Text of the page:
the property is part of a severely damaged building that must be reconstructed or the stability of the building must be guaranteed, and the tenant’s presence is of obstacle to the fulfilment of the necessary works;

the property is in a building scheduled to be completely renovated, demolished, radically transformed to construct new buildings, or in the event the top floor owner intends to carry out elevations in accordance with the law and their execution requires the evacuation of the entire building.

the tenant doesn’t continuously occupy the property without any legitimate reason.

the landlord intends to sell the leased property to a third party and has no other residential property except for its own. In this case, the tenant has pre-emptive rights on the leased property that is about to be sold.

The landlord is also required to specifically outline the reason upon which the renewal is refused.

At the end of the second 4-year term, the landlord can terminate the contract without having to provide any reason.


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Termination of commercial lease agreements in Italy

Commercial lease agreements in Italy can be terminated in the same cases seen with residential leases. Indeed, the tenant can withdraw from the contract

at any time by giving 6 months written notice with registered letter provided the withdrawal is based on serious reasons;

breach of contract or by mutual consent;

tenant’s refusal to renew the lease agreement.

While in commercial leases the landlord can deny the renewal of the contract as well, there are some differences compared to residential leases due to the nature of the contracting parties and the applicable law.

First renewal refused by the landlord

Commercial lease agreements in Italy have a minimum duration of

6 years for industrial, commercial, professional or tourist leases which are automatically renewable another 6 years;

9 years for hotel leases which are automatically renewable for another 9 years.

After the initial period (6 or 9 years) the landlord can refuse the renewal of the commercial lease provided a termination notice is sent to the tenant 12 months (for industrial, commercial, professional or tourist leases) or 18 months (for hotel leases) prior to the expiry date of the contract. In case of commercial leases, the termination will be considered valid only if one of the following circumstances apply:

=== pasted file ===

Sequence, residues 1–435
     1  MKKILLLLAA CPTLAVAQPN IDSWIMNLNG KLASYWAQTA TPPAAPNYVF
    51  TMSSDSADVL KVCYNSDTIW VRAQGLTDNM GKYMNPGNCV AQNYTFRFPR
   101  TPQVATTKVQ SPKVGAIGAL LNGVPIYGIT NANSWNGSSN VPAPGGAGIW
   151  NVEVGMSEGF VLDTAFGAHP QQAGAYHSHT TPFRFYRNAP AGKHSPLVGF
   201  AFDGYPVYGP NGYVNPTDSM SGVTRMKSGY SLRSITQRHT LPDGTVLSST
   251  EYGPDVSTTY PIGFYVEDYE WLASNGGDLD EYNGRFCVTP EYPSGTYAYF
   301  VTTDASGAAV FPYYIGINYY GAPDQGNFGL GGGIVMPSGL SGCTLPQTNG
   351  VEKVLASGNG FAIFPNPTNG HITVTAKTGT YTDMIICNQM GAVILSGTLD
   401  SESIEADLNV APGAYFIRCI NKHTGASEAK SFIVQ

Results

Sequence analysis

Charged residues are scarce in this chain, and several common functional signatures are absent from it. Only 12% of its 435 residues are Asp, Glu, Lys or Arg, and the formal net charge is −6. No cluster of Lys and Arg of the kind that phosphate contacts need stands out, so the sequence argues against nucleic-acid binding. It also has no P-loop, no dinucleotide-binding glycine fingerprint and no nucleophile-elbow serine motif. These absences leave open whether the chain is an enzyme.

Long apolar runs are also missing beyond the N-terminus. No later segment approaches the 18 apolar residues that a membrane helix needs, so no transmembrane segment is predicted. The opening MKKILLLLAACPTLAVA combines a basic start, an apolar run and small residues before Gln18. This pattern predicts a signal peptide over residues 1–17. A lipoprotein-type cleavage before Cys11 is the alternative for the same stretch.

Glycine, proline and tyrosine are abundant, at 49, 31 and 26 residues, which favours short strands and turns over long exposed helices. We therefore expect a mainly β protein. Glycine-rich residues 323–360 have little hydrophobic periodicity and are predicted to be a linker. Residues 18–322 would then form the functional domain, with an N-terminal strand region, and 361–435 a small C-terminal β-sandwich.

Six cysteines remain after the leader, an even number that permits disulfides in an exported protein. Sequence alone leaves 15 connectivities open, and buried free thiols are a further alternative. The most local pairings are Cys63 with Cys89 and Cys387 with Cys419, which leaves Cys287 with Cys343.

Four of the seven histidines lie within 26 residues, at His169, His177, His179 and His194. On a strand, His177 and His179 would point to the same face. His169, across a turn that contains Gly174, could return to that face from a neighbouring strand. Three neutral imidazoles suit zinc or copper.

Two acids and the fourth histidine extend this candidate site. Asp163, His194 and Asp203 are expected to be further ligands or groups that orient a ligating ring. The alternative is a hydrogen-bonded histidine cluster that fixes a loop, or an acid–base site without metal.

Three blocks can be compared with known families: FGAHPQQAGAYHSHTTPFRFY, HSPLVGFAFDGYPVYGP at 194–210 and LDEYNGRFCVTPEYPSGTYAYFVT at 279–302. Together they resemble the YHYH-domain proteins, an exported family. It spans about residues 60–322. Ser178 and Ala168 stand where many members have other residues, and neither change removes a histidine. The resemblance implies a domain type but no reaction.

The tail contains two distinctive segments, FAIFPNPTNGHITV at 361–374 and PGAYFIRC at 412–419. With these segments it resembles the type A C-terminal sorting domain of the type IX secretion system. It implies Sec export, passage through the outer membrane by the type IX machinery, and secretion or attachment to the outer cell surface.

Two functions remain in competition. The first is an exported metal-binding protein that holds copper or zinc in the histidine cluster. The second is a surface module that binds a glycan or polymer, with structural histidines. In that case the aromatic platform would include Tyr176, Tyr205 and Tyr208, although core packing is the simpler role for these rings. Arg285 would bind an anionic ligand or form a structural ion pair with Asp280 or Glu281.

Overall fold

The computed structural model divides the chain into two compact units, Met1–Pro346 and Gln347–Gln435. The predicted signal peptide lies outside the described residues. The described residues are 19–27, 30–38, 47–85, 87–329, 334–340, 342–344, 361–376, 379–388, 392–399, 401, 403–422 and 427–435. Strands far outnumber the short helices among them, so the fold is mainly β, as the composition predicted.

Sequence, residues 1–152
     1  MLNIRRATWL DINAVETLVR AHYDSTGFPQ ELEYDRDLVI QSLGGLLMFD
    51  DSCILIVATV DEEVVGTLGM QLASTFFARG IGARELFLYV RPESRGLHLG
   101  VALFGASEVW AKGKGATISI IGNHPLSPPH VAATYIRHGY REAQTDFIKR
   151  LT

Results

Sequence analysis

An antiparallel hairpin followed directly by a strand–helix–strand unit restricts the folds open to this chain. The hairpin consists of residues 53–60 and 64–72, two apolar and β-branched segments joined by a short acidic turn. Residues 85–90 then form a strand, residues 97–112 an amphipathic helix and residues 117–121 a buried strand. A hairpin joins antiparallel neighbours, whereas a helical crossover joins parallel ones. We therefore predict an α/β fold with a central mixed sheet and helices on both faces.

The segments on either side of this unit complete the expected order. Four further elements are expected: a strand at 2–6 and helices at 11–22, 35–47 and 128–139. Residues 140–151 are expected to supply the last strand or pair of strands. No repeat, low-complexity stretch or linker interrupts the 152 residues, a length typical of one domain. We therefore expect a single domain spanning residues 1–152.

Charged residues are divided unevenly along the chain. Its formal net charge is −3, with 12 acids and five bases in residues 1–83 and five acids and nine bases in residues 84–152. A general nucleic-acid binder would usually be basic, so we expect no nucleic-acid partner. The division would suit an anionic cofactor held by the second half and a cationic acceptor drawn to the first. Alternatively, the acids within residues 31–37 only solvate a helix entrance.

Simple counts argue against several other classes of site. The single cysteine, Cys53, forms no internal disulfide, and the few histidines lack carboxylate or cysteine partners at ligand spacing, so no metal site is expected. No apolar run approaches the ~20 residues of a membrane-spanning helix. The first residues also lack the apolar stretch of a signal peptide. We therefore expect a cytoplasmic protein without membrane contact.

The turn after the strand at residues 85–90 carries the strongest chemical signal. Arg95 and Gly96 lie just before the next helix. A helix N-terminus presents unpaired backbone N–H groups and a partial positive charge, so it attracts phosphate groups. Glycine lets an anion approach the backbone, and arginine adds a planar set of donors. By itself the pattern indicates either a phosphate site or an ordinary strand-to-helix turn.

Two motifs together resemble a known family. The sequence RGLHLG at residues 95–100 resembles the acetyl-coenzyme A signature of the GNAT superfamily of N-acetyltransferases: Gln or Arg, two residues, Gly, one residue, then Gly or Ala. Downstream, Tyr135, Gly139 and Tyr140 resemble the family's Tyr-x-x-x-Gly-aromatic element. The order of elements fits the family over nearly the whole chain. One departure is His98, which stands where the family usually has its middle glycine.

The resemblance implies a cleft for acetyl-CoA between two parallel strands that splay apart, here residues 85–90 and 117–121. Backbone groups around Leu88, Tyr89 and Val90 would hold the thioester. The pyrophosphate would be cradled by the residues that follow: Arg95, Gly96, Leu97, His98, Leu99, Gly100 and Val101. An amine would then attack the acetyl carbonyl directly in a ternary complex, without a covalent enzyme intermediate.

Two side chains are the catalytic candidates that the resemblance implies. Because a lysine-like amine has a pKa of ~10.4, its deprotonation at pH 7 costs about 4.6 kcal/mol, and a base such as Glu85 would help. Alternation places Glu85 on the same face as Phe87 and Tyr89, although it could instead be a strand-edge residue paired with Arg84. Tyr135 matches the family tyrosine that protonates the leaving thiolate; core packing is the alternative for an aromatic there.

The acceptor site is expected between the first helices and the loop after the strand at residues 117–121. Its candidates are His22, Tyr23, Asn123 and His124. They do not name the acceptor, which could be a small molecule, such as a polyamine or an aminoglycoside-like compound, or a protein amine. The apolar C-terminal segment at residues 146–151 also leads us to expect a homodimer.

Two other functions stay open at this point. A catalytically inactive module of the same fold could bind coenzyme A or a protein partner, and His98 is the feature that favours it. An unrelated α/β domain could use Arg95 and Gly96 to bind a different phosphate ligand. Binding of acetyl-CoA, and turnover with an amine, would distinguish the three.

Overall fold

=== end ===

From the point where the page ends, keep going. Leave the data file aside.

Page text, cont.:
use the property as residence for him/herself, spouse, or close relatives;

use the property for commercial or professional purposes for him/herself, spouse, or close relatives; if the landlord is an administrative or public body, to exercise activities intended at achieving its institutional purpose.

to demolish, restructure or renovate the building, or to carry out works based on a multiannual municipal programme in accordance with the laws in force.

As seen with residential leases, the landlord is not required to provide a reason to end the lease at the expiry of the second 6-year term. However, the law requires the landlord indemnify the tenant for the loss of goodwill in certain cases.

Indemnity for loss of goodwill

The law provides that an indemnity should be paid to the tenant of a commercial lease for loss of goodwill in the event the contract is terminated (Article 34, Law n. 392/1978). The indemnity is

equal to 18 times the amount of the last rent paid in case of commercial leases;

equal to 21 times the amount of the last rent paid for hotel leases.

If the landlord leases the property to anyone who exercises the same activity carried out by the previous tenant, and the new activity starts within one year from the termination of the previous one, the tenant is entitled to double the above-mentioned amounts.

The goodwill indemnity is not due by the landlord if the lease agreement is terminated in one of the following cases:

breach of contract by the tenant;

tenant’s withdrawal;

tenant’s refusal to renew the lease agreement.

The goodwill indemnity is also not payable if the tenant:

carries out activities that do not require direct contact with the public;

exercises a professional occupation (e.g., lawyers);

carries out activities which have a temporary nature or is located in buildings complementary to, or inside railway stations, ports, airports, roads or motorway service areas, hotels and tourist villages.

Conversely, the goodwill indemnity will be payable if the landlord refuses to renew the lease agreement.